An ongoing task for heritage enthusiasts, history teachers, parents and others is to get young people excited about history and heritage. While browsing through the 1982 edition of Restorica, the old journal of the Simon van der Stel Foundation (today the Heritage Association of South Africa), we found a wonderful piece by Dr Ruth E Gordon on this matter. Her advice is still as relevant today as it was then. These days we have a spectrum of technological innovations to help us in this endeavour. We loved the letter from Claire Thompson by the way. It would be interesting to see what impact Dr Gordon has had on Claire's life. As always thank you to the University of Pretoria (Restorica copyright holders) for giving us permission to publish.
At the last Annual General Meeting of the Foundation held in Pietermaritzburg on May 1st 1982, there was some discussion about how the young people of the country might be attracted to an active interest in the aims of conservation and the restoration of our old buildings and historical sites. lt was deplored that young people are so keenly searching for the future that the past fails to hold them until they themselves reach middle or old age. Various ideas were mooted and Dr Eily Gledhill of Grahamstown described the tours in that area which familiarised school children with the historic importance of their environment. As the meeting was pressed for time I refrained from making my own small contribution to the discussion but do so now for the pages of Restorica, in the hope that my experience as teacher, lecturer and "courier" to young people may be of guidance to others.
I was for 15 years in charge of the History Department of the Natal Teachers' Training College in the historically rich old home of the Natal governors. Students from my department were constantly in the schools engaged in teaching local history. Their enthusiasm would result in little expeditions to see places of interest and be followed up by classwork - maps and charts, sketches, library research, art work and writing. In this latter category there would be not only factual material and descriptions of what they had seen and learnt, but also creative writing - what they felt or imagined - even attempts at poetry.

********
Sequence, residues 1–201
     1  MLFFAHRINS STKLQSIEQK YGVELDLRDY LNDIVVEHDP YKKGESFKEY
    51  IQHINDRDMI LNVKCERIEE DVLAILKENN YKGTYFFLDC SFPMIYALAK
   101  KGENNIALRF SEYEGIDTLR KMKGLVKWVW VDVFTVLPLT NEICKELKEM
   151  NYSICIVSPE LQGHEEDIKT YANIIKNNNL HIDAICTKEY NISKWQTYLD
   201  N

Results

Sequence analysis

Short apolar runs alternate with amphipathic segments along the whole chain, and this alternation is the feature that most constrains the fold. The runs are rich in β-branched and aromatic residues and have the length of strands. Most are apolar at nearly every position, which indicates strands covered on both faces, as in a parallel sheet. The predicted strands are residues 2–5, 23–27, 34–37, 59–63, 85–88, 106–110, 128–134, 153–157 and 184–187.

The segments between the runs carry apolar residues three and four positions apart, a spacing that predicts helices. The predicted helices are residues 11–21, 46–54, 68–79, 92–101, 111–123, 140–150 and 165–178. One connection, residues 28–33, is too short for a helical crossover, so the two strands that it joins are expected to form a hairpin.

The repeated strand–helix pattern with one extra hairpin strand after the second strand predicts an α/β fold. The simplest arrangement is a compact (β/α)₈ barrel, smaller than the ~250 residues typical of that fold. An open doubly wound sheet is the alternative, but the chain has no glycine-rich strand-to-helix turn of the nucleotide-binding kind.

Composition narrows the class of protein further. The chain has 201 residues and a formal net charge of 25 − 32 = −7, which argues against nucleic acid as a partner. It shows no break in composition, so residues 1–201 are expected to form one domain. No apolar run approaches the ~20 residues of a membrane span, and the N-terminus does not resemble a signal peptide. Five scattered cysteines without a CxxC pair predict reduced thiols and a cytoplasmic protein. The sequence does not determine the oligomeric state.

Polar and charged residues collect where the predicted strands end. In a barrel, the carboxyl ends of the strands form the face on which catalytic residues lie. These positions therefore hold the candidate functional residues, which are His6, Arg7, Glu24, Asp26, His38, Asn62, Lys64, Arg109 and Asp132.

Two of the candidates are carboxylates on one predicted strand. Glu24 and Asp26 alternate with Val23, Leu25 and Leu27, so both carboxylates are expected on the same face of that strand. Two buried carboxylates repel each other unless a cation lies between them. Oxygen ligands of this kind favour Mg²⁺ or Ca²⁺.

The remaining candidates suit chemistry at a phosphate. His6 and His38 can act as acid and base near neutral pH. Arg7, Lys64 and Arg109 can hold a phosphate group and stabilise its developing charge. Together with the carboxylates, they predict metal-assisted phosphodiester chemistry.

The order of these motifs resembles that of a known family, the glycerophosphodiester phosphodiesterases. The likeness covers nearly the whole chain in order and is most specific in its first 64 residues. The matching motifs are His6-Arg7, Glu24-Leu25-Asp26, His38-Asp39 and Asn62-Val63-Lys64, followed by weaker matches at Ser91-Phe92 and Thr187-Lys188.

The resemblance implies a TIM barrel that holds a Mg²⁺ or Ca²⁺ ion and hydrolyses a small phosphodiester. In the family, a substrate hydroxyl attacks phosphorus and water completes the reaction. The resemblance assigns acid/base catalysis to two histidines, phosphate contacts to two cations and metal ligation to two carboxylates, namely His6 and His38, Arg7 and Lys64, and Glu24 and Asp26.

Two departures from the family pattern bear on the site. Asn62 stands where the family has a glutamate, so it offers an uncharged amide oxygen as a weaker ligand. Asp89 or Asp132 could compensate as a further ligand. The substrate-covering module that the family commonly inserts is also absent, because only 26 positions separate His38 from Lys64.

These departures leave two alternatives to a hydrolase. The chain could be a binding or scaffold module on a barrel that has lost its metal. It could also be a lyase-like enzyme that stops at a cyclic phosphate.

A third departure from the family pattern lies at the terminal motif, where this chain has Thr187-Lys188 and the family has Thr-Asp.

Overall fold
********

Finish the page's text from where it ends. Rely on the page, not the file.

One class visited Durban to recapture the experiences of the siege in the Old Fort from which Dick King rode for assistance. The follow-up work was delightful. Flights of imagination were anchored to fact such as in a letter written to Col. Cloete by an old lady to complain that her back had suffered from the constant bending to get from tent to tent without becoming a target for Boer fire - she demanded compensation! Then there was a delightful little poem expressing a mother-crow's advice to her son not to fly over the camp if he wanted to avoid being someone's dinner. A really touching little poem by a Std. IV pupil was a requiem for the last horse slaughtered for food. Such visits, not merely as jaunts, but as source material for thought and study succeed in fixing the site and its history in the mind with indelible permanence. I have a large collection of slides of historic Pietermaritzburg by means of which I can not only sketch its chronological development but focus attention on its undoubted charm and its architectural treasures. Now in my retirement I am frequently asked to show these at schools as part of a local history project with an expedition to follow where children use their own cameras and sketchbooks. Both among school children and adult organisations who enjoy them to there is always the surprised remark: "But I have seen these places hundreds of times and never noticed them" or " I'll keep my eyes open in future" or "To think that we are surrounded by all this and have never realised it".
lt is the new awareness which is so important. Very frequently I take little groups of young people on a tour of old Government House. I describe the importance of the beautiful old portico to protect the ladies' descent from their carriages in the rain, or the process of getting onto a side-saddle from a mountingblock, and so on. There is the Governor's enormous bath which fascinates children. Its plug is a long, thick copper tube and it stands on sturdy ball-and~claw feet. When the children go back to school they each write me a letter to say what they enjoyed most. The choice is varied - the stories I tell them of events and famous visitors, or the ghost Miranda who haunts the corridors, or the stream running through the cellar to cool the Governor's wine. But the favourite seems to be the bath. Often the letters are illustrated with crayon drawings and I am always quite captivated when the Governor of Natal sits in his bath in full regimentals!
Government House Pietermaritzburg (The Heritage Portal)
I wish therefore to suggest the combined techniques of slides, visits, stories, writing and drawing and modelling as devices for cultivating a child's enthusiastic acceptance of his heritage and the tastes which lead into adult appreciation and the desire to preserve the past as the foundation of the present.
A typical letter from a schoolchild. lt is clear that this child has experienced the old buildings in a pleasant way and will grow up to be a conservation-conscious adult.
Main image - Unveiling of the Meadowlands plaque in Soweto (The Heritage Portal)
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